Ask The Drama — Standard Help, and Block Constructed Updates

Jeroen is low on questions again, folks! Get them sent into [email protected]. For this week, he rounds out the current batch with a couple of corkers. First up, he takes a look at the Block Constructed metagame, and updates Raphael Levy’s quarterfinal deck from Pro Tour: Yokohama. Then he looks at two uncomfortable-looking Standard decks, and offers his advice… All this, and much more, in the week’s Ask The Drama!

You know, I love doing this column. I love being in touch with the readers and having lots of different stuff to talk about. I love knowing that what I am writing is relevant to at least one of my readers.

Thing is, I’m not sure I can keep doing it.

You know why? Because I have to do one thing I hate more than anything… every other week, I have to beg. Beg for you to write in and supply some questions. Whenever I beg and plead at the start of an article, I get a bunch at the same time that week… and then the next week I’ll just get one or two, and same the following week, which means that I am all out again.

And that sucks.

I want to keep doing these articles, in one form or another, but if I have to keep begging for questions I’ll get the impression that you guys are doing me a favor by sending them in. That defeats the purpose, since this series of articles is supposed to be for you guys, the readers.

So once more, guys, friends, readers, anyone… I need questions. Questions, or suggestions about article topics, as I can use those to write entire articles about stuff that you’d like to hear. The questions can be anything: decks, strategy, help with Limited, sports, television, comic books, life…whatever you want, I’ll write. But I need y’all to make yourself heard at [email protected].

Okay, on to this weeks article. Things have been quiet for me Magic-wise this past couple of weeks. I have been working at school a little bit, and doing some other stuff that doesn’t involve Magic (since I am waiting on MTGO for Future Sight to arrive). Back in the day we used to draft a whole lot locally, and while the players are still here, Magic Online just makes everyone lazy. Luckily, with the Two-Headed Giant Pro Tour coming up, it looks like we’ll be kicking it into high gear again soon. I hate the down periods when Magic Online is behind real-life Magic. There is no reason for this, as sets are known far in at advance, yet it keeps happening… sigh.

That, of course, might also be a reason for the lack of questions.

Luckily this week I actually got a batch of good ones, despite them being the final ones in my inbox, so lets take a look:

Dimitri, Dutch master at chess and sometime Pro Tour player, asks me this week’s first bunch:

1) You are known to dislike the card Browbeat ("it never does what you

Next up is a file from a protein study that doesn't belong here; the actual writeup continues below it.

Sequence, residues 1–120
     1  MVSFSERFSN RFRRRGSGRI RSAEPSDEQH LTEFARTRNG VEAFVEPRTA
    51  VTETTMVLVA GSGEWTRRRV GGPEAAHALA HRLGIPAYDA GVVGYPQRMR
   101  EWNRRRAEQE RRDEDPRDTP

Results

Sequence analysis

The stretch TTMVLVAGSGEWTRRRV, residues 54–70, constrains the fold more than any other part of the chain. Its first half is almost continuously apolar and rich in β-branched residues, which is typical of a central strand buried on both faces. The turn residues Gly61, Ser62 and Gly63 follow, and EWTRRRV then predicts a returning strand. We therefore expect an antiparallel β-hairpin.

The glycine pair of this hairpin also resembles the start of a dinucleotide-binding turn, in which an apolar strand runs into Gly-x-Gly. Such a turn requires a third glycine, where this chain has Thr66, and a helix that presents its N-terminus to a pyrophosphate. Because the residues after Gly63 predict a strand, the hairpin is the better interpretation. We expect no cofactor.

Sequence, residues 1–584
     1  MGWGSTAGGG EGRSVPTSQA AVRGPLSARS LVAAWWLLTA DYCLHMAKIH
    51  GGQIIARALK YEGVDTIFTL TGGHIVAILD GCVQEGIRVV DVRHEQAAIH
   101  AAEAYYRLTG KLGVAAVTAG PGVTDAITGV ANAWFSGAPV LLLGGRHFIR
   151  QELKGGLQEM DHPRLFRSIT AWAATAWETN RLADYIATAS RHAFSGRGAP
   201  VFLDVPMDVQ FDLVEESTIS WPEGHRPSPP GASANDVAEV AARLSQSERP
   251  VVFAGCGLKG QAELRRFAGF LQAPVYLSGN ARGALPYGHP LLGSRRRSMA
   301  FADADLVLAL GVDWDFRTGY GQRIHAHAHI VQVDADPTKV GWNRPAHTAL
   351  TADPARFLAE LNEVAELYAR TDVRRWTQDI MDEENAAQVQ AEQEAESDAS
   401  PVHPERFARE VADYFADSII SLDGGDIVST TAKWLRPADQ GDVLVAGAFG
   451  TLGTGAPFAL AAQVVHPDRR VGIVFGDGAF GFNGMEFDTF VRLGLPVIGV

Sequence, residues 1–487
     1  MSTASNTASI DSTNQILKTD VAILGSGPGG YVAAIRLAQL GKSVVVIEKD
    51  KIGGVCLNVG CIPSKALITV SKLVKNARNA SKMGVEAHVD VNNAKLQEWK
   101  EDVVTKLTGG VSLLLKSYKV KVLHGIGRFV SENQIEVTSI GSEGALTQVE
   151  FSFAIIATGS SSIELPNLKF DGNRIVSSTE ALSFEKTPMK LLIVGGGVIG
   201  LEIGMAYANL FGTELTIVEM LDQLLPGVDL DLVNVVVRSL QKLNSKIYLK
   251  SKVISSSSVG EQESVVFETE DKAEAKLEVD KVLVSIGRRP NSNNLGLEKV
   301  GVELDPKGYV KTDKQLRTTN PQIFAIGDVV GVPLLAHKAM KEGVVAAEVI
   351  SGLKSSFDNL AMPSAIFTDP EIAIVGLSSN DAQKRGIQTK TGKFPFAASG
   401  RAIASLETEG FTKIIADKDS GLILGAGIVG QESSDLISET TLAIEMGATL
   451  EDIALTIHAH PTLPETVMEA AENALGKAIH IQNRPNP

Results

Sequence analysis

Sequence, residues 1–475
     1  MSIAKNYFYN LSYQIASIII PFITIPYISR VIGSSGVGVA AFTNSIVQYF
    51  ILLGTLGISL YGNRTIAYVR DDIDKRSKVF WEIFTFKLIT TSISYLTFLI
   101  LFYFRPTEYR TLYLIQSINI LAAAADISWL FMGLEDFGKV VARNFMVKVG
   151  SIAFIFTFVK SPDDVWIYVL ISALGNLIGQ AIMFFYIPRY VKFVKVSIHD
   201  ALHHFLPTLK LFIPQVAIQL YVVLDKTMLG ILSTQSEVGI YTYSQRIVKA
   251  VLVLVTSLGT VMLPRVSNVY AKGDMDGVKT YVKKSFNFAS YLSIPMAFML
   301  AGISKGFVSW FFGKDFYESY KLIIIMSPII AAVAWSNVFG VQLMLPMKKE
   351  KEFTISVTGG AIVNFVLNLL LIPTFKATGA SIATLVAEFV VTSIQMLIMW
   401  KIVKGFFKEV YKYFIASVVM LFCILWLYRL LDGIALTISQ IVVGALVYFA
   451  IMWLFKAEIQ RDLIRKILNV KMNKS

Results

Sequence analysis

want"). However, Raphael Levy had 4 copies of it in his Pro Tour Top 8 deck.
Did it change your opinion about the card?

The reason I always hated Browbeat is pretty simple: it costs three mana and it will seldom do what you want. This means that in a dedicated tempo deck, you will often pay three mana for the exact thing you don’t want to happen. Either they take five damage, or you draw three cards that you don’t have the mana to use.

This format is one that we haven’t seen in a long time, with extremely slow control decks. Back in the day, control decks would stall until they could play a Morphling or a Meloku, and end the game in a turn or three. This is not the case right now, because the current best control decks in Block Constructed take ages to actually finish the game. This means that you have much more time than usual.

Therefore, paying the three mana isn’t as bad as it usually is, since you will either have time to cast the spells you draw, or the 5 damage will put the opponent on a shorter clock, thus cutting the time they have in half.

This doesn’t mean the card is good, and it is still a card that is a horrible topdeck when your opponent is on fifteen or more life. It will often do nothing, or exactly the thing you don’t want it to do… but it is a burn spell, or good in a burn deck.

The fact that the card is played says less about Browbeat itself and more about the format, but mostly it says something about the quality of burn spells available. If there was anything better in Red, I am sure that would have seen play, but there wasn’t at the time. There is no doubt in my mind that with the addition of the new tournament level burn spells in Future Sight, that Browbeat will disappear from decklists everywhere.

2) How would you update the list of Levy if you include Future Sight?

For reference, lets take a look at Levy’s deck: